Publius Valerius Publicola

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Publius Valerius Publicola
Consul suffectus of the Roman Republic 509 BC
Consul of the Roman Republic 508 BC
Consul of the Roman Republic 507 BC
Consul of the Roman Republic 504 BC

Publius Valerius Publicola (or Poplicola, his agnomen meaning "friend of the people") (died 503 BC) was one of four Roman aristocrats who led the overthrow of the monarchy, and became a Roman consul, the colleague of Lucius Junius Brutus in 509 BC, traditionally considered the first year of the Roman Republic. The authors of the Federalist Papers used the pseudonym "Publius" in his honor.[1]

Early life[edit]

According to Livy and Plutarch, Publius Valerius Publicola's family came from the Sabine region. Under the Valerius name, they had settled at Rome during the kingdom of Titus Tatius (8th century BC) and worked for the peaceful unification of both regions.[2]

Publius Valerius Publicola came from a wealthy family. His father was Volesus Valerius and his brothers were Marcus Valerius Volusus and Manius Valerius Maximus. He was married and Valeria was the name of his daughter. Before holding Roman public office, Publicola had defended the plebs as a benefactor.[2][3]

The revolution[edit]

With Lucius Tarquinius Collatinus, Spurius Lucretius Tricipitinus and Valerius, Lucius Junius Brutus led the Roman revolution of 509 BC, ending the Roman monarchy and banishing the tyrannical King of Rome, Lucius Tarquinius Superbus. The Romans instituted the office of Consul, founding the Roman Republic. Brutus and Collatinus were voted as the first Consuls.

The Tarquins plotted with some disaffected Roman members of the Aquillii and Vitellii, who had benefitted from the deposed regime to assassinate both consuls. Publicola was informed of the plot by the slave Vindicius. Publicola investigated personally, sneaking into the Aquillius estate and finding incriminatory evidence. Using this evidence, both consuls headed a public trial. The conspirators, including Brutus' own children, were found guilty and executed. During the trial, Valerius had a leading role.[2]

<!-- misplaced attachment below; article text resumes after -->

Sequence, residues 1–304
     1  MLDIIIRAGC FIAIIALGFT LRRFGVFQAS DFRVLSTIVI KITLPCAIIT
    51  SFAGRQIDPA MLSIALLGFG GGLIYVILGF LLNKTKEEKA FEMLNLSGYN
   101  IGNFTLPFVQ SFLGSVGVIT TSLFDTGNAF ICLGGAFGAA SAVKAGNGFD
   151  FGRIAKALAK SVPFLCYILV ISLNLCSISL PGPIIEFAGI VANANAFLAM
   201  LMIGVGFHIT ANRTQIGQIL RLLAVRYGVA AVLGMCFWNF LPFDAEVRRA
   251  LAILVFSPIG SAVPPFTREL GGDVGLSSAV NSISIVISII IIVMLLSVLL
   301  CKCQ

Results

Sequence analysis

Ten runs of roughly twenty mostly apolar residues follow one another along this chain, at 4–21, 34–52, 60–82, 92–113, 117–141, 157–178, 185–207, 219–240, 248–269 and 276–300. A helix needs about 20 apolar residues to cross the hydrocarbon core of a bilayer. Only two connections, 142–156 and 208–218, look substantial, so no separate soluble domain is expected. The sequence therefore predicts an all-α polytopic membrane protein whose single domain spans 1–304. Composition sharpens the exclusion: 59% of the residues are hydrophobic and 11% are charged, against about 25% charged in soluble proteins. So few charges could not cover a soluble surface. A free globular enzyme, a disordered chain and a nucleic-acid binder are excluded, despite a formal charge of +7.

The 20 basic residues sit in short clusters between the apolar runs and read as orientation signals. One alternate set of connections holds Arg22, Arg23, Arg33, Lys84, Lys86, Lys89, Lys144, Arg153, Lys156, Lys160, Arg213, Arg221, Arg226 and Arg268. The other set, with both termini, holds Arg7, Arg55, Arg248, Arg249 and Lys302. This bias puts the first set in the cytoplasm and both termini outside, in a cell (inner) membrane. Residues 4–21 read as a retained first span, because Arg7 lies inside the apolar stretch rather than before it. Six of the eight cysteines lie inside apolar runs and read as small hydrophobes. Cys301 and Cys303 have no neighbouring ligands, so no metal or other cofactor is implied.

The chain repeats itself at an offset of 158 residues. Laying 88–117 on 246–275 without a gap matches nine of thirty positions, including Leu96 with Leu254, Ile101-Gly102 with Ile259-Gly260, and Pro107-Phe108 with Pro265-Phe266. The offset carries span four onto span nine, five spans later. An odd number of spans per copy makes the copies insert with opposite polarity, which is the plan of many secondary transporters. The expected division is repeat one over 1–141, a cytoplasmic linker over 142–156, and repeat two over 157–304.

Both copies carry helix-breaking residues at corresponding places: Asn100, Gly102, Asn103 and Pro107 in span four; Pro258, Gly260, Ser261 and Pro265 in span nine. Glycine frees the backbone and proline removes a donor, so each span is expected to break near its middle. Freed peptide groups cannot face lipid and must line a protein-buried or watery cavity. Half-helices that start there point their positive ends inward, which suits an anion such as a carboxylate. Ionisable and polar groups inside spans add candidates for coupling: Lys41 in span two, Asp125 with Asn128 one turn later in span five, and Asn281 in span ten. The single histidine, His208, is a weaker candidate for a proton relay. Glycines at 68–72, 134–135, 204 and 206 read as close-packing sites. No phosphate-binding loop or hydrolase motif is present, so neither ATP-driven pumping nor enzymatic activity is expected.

Election as consul, and battle of Silva Arsia, 509 BC[edit]

Collatinus worked with Tarquinius Superbus' relatives to restore their properties. After the failed conspiracy, Collatinus was denounced and left Rome, resigning his office of consul. Valerius was elected to replace him.[2][4]

"They annex strange incidents to this battle, --that in the silence of the next night a loud voice was emitted from the Arsian wood; that it was believed to be the voice of Silvanus: these words were spoken, "that more of the Etrurians by one had fallen in the battle; that the Roman was victorious in the war." Certainly the Romans departed thence as victors, the Etrurians as vanquished."
The History of Rome. Book 02. Chapter 7, by Titus Livius.[3]

The deposed king, Tarquinius Superbus, whose family originated from Tarquinii in Etruria, garnered the support of that city and also of Veii. The armies of the two cities followed Tarquin against Rome, and the Roman consuls Brutus and Valerius led the Roman army to meet them at the Battle of Silva Arsia. Valerius commanded the Roman infantry. Brutus died during the battle, but the Romans were ultimately victorious. Valerius collected the spoils of the routed Etruscans, and returned to Rome to celebrate a triumph on 1 March 509 BC. Publicola celebrated at Rome, riding a four horse chariot, which subsequently became a Roman tradition for celebrating victories. Also, he held a magnificent funeral for Brutus where he made a memorable speech.[2][5][6]

Livy writes that later in 509 BC Valerius returned to fight the Veientes. It is unclear whether this was continuing from the Battle of Silva Arsia, or was some fresh dispute. It is also unclear what happened in this dispute.[7]

Reforms during first consulship, 509 BC[edit]

After the death of Brutus, Publius Valerius Publicola was the lone Roman Consul, which he held without scheduling new elections. He started to build a magnificent new residence on top of the Velian Hill, which was conspicuously visible from the Senate building. When people began to comment that he was apparently going to reestablish the monarchy, Publicola stopped its construction, demolishing it in a single night. Publicola defended himself before an assembly of the people, having firstly lowered the fasces in the face of the assembly as a mark of respect: "I have just liberated Rome, bravely, but now I am slandered, like being either an Aquillius or a Vitellian. I am the bitterest enemy of the former kings, so I shouldn't be accused of wanting to be king." [2][3] He volunteered to move his house to the foot rather than the peak of the Velian Hill, so as to diminish any suspicion levelled against him. His house was constructed at that site, where in later times was built the Temple of Victory.[8]

Before the impending elections, Publicola repopulated the Senate, which had been severely reduced by the king and the recent war. Also, he wrote a series of popular laws:

  • Any Roman could be appointed Consul.
  • Decisions of the Consuls could be appealed.